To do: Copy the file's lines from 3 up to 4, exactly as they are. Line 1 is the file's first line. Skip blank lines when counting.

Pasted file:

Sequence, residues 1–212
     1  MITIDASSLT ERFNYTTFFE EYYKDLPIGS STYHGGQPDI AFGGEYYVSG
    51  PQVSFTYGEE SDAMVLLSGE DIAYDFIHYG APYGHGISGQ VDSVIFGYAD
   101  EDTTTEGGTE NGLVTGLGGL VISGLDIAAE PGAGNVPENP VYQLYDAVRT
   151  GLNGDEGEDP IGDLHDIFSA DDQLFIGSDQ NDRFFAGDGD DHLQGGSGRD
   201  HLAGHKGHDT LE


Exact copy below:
    51  PQVSFTYGEE SDAMVLLSGE DIAYDFIHYG APYGHGISGQ VDSVIFGYAD
   101  EDTTTEGGTE NGLVTGLGGL VISGLDIAAE PGAGNVPENP VYQLYDAVRT